Seven months after Japan’s devastating March 11 earthquake, tsunami and nuclear disasters, the jury remains out on media reporting of the crisis. Did the domestic media downplay public health risk while their foreign counterparts titillated audiences with exploitative “disaster porn”?
While such a generalization is overly simplistic, elements of both the Japanese and U.S. media have engaged in a degree of soul searching over their disaster coverage. Their verdict: “must try harder.”
Those seeking a clear grasp of the main issues should look no further than The Japan Times deputy editor Eric Johnston’s excellent overview, “The Tohoku Earthquake and Tsunami, the Fukushima Nuclear Reactor, and How the World’s Media Reported Them.”
Written in concise, news-style English with Japanese translations, the book provides some much-needed context to the media’s disaster coverage that should prove of interest to concerned readers anywhere.
A 23-year American resident of Japan, Johnston uses his experience to assess the impact of the local reporting by Japanese and foreign correspondents, as well as that of the media “stars” flown in from abroad.
Japan’s international importance as a media “story” had been on the wane prior to the disasters. Suddenly, on March 11 it was unwillingly propelled to the TV screens and front pages of overseas media, with emotive headlines such as “sea of death” and “nuclear winter.”
“Normally the streets bustle like nowhere else on Earth. But I look outside now and they’re completely deserted. It’s like London in the zombie movie ’28 Days Later,’ ” British tabloid, The Sun, quoted Tokyo resident and expatriate Briton, Keely Fujiyama as saying in one particularly sensationalist report.
Meanwhile, the immediate post-disaster focus of the Japanese media was on evacuees rather than nuclear worries, with one publication, weekly magazine AERA, forced by critics to apologize over its headline, “Radioactivity is coming.”
The fact that many early reports condemned as sensationalist later proved more accurate than official statements is not lost on many observers. While noting the efforts of critics such as the Wall of Shame website, which highlighted inaccurate reports, Johnston points out the generalist nature of most reporters and the difficulty of addressing complex scientific issues like nuclear power in simple media formats.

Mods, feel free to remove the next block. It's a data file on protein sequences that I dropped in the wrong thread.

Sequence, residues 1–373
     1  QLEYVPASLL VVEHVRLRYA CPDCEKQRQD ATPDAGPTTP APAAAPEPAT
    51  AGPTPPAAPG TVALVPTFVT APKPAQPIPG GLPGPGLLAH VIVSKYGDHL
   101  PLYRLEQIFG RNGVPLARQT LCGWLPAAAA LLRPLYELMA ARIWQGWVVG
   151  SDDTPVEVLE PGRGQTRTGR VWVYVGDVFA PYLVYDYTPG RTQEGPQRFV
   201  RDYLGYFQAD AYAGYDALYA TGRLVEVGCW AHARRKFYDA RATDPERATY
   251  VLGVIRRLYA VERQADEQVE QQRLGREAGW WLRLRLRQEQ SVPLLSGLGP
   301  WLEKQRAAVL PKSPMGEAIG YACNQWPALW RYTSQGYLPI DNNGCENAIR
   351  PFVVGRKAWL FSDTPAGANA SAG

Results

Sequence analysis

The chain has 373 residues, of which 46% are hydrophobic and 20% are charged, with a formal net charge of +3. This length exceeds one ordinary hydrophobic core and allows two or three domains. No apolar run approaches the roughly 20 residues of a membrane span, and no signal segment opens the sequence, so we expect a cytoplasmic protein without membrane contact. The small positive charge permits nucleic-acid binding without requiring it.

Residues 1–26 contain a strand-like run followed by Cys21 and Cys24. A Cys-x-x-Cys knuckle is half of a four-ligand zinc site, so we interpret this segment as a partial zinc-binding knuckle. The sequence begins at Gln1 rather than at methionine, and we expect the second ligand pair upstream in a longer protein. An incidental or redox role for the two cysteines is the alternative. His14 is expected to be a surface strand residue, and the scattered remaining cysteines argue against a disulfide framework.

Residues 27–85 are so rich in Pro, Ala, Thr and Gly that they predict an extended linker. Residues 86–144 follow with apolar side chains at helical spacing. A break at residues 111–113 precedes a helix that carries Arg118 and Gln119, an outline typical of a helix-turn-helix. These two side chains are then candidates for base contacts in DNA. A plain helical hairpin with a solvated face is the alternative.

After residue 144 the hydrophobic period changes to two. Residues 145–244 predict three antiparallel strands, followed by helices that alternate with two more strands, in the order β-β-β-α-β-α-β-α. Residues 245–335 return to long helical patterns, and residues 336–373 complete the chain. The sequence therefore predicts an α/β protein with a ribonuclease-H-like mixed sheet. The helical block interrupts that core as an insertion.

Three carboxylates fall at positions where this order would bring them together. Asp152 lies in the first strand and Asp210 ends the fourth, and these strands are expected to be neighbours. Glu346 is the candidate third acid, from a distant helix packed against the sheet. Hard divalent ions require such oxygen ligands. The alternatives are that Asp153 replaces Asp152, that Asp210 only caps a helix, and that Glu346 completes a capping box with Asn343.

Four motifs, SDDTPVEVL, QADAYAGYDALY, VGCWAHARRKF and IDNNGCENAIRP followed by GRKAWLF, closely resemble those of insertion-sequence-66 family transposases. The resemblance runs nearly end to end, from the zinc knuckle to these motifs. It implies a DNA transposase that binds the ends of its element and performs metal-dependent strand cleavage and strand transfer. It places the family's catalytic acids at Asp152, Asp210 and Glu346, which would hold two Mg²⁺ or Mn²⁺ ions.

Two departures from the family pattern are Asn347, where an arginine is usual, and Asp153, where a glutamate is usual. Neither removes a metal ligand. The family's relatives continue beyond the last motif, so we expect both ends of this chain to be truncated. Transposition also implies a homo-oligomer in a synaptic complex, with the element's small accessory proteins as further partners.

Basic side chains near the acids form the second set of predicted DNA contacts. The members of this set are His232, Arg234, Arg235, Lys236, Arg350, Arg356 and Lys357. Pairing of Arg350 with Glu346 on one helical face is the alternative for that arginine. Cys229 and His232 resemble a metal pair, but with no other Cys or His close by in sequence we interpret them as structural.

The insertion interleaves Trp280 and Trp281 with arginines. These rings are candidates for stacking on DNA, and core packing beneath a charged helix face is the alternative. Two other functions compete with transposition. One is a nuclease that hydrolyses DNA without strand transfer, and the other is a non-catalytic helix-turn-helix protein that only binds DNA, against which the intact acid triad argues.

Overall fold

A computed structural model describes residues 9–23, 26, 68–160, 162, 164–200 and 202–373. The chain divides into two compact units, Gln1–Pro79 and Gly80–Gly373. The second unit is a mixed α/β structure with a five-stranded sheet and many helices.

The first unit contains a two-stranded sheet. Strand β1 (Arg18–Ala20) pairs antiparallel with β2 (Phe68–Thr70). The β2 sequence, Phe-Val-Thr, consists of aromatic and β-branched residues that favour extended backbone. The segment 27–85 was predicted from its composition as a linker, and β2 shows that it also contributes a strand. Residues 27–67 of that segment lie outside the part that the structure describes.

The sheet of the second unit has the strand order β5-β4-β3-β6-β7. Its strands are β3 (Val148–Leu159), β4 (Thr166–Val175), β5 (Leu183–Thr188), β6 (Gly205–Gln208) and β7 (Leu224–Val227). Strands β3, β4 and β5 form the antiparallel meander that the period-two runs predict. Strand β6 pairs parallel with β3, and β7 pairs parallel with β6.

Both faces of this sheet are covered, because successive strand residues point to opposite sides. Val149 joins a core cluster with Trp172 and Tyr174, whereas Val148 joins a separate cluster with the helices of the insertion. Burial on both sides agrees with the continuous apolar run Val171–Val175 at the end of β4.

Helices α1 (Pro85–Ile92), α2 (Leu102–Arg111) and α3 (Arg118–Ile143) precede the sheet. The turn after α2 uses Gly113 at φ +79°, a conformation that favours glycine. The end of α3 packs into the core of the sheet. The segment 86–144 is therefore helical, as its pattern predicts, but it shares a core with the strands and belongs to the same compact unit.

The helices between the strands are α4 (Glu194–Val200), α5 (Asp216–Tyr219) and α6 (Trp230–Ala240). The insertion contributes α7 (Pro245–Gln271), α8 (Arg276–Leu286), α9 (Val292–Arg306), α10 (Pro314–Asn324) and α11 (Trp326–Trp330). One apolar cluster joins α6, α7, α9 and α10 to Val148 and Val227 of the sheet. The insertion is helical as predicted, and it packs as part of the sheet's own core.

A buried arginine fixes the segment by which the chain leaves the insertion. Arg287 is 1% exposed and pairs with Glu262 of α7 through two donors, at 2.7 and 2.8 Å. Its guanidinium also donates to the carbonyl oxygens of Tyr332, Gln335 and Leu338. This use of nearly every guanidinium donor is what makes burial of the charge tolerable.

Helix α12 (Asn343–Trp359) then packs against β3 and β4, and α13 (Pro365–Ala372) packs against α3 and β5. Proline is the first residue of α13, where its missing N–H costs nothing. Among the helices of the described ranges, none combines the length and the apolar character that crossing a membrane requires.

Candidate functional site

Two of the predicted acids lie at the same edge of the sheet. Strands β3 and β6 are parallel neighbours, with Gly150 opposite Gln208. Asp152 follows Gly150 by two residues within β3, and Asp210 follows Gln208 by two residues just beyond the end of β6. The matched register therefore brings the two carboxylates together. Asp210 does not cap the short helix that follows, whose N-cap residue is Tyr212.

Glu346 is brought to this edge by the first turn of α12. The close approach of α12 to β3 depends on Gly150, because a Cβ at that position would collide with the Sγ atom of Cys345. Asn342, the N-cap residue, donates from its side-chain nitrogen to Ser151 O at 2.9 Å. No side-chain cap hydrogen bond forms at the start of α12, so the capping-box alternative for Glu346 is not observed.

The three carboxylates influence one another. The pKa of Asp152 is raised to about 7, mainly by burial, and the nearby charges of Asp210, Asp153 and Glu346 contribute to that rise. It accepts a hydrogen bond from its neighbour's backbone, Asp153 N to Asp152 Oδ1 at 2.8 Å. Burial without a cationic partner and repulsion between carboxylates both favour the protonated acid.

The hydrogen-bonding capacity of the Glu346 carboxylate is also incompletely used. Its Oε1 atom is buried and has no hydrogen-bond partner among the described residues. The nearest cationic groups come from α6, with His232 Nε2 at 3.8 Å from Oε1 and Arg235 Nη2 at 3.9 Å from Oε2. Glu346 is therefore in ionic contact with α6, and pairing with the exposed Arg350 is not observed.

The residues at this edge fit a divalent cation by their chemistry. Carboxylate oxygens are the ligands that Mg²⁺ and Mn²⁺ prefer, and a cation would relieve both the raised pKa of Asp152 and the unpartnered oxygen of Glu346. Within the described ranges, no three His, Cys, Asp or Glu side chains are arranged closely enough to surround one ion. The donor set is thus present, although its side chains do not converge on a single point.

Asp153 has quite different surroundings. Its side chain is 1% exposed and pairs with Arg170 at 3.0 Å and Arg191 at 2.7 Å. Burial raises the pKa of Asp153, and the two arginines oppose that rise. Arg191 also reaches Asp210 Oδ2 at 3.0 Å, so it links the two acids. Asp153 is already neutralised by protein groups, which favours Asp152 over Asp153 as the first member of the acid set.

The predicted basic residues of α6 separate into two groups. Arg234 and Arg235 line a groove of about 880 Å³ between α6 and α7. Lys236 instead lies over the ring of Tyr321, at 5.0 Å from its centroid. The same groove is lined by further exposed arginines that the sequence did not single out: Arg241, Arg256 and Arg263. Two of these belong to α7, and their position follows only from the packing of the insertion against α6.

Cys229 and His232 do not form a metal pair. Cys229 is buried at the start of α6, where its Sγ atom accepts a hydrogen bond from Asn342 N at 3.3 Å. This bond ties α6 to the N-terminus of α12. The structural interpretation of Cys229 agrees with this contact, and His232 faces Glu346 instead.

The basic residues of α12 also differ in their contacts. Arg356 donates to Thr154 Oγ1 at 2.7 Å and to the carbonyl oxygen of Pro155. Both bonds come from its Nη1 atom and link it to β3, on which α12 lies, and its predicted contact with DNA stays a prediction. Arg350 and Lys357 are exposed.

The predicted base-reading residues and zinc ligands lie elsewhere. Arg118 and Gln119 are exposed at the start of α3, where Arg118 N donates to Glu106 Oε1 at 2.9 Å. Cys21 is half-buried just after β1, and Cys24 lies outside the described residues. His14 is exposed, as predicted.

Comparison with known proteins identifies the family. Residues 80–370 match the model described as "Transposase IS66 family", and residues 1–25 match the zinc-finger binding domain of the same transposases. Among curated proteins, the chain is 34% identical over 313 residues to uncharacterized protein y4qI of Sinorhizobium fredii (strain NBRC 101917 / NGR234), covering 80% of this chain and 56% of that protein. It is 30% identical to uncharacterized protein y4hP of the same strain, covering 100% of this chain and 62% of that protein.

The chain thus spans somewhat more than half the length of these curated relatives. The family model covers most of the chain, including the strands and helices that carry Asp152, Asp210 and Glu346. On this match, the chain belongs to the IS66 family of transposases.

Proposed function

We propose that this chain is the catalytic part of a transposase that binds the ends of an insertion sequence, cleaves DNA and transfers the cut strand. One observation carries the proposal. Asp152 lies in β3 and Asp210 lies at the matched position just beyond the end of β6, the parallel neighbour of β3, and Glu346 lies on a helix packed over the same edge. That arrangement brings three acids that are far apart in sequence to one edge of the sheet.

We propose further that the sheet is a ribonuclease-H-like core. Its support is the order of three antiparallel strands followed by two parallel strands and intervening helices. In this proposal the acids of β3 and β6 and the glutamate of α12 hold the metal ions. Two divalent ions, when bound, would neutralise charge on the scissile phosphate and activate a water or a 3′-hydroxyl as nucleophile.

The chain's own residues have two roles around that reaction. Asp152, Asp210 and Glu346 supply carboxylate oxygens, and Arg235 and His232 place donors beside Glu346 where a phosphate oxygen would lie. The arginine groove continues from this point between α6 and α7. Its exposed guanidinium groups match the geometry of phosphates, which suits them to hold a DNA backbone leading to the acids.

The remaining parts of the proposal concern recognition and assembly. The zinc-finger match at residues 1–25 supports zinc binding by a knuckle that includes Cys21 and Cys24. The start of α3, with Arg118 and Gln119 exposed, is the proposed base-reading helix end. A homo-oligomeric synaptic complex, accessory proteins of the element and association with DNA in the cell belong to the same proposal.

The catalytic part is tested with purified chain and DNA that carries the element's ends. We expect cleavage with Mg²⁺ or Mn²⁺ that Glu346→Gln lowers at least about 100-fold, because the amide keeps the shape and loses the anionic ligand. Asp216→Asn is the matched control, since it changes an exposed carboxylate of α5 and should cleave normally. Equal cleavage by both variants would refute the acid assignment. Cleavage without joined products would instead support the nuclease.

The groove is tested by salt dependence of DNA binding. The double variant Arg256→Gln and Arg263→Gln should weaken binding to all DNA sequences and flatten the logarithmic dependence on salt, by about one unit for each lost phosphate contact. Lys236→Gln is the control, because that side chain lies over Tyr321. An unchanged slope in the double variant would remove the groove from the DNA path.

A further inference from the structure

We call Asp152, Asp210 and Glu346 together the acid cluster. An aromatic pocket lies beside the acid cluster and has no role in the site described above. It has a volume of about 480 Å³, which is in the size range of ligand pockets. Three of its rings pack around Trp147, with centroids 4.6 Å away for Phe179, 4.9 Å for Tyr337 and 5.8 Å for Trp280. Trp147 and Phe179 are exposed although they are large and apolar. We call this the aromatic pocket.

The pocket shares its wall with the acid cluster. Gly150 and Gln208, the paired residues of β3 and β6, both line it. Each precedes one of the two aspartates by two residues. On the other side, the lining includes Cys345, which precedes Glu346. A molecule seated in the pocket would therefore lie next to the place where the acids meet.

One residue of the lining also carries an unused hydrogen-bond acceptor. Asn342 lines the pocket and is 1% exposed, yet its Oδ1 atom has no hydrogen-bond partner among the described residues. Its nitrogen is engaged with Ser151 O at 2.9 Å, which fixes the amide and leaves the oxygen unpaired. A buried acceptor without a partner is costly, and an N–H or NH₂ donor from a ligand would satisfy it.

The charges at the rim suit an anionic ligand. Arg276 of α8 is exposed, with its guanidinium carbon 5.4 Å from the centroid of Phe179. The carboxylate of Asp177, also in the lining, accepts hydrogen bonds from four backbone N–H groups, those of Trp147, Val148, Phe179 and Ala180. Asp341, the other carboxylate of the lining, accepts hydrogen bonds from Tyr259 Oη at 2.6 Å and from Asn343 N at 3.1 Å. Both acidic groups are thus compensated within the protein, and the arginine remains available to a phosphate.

While acknowledging its faults, the foreign media’s rebuttal to its critics is summarized as: “Which [is] better? A skeptical media that warns too much of potential dangers, or a passive media that doesn’t warn you enough?”
The correct policy is clearly the former, writes Johnston, who admires “the finest traditions of British newspaper journalism … informed skepticism, accuracy, courage and a literate style that aims for the truth rather than a mere collection of facts.”
Despite the various international media codes of conduct, including the American Society of News Editors’ “Statement of Principles,” such standards failed to prevent some of the worst media excesses of the crisis, including a Fox News report that depicted a Tokyo nightclub as a secret atomic site.
However, Johnston argues that the cure is worse than the disease. Admitting that many foreign media had a commercial motive in exploiting the tragedy, he nevertheless asserts that “if the price of a free press and freedom of speech is the existence of a tabloid media that is sometimes excessive or misleading, then it’s a bargain.”
Ironically, those arguing for greater Japanese knowledge for overseas journalists might be careful in what they wish for, given Johnston’s statement that certain reports from Japanese tabloid media and bloggers were “often just as if not more biased, mistaken and sensationalist as the worst foreign media reports.”
In assessing the lessons from the crisis, Johnston casts some blame at Japan’s “press club” system for making officials and media complacent and less transparent, along with the “Galapagos” mentality of inwardness. On the foreign side, he criticizes anti-nuclear “propaganda” and ignorance bordering on racism toward the Japanese people.
Undoubtedly, the issues raised in Johnston’s work will be debated for some time yet, and require far more depth of analysis and detail than that given in a brief digest.
True objectivity concerning the media is impossible to find, and critics might point to the author’s long-term Japan residency as an inherent bias.
Yet Johnston makes an important contribution to a debate that continues to rage, even in apparent bastions of media freedom such as Britain. In contrast, Japanese faith in their media has remained steadfast, with a recent poll showing 80 percent continue to trust newspaper reports.
This year’s tragic events have resulted in greater public awareness and political participation, the strengthening of civic society and a push for greater openness from government, lawmakers and industry. Should this new spirit of communication continue, aided by international goodwill, then Japan has the best opportunity for decades to gain the media coverage it truly deserves.
In a time of both misinformation and too much information, quality journalism is more crucial than ever.
By subscribing, you can help us get the story right.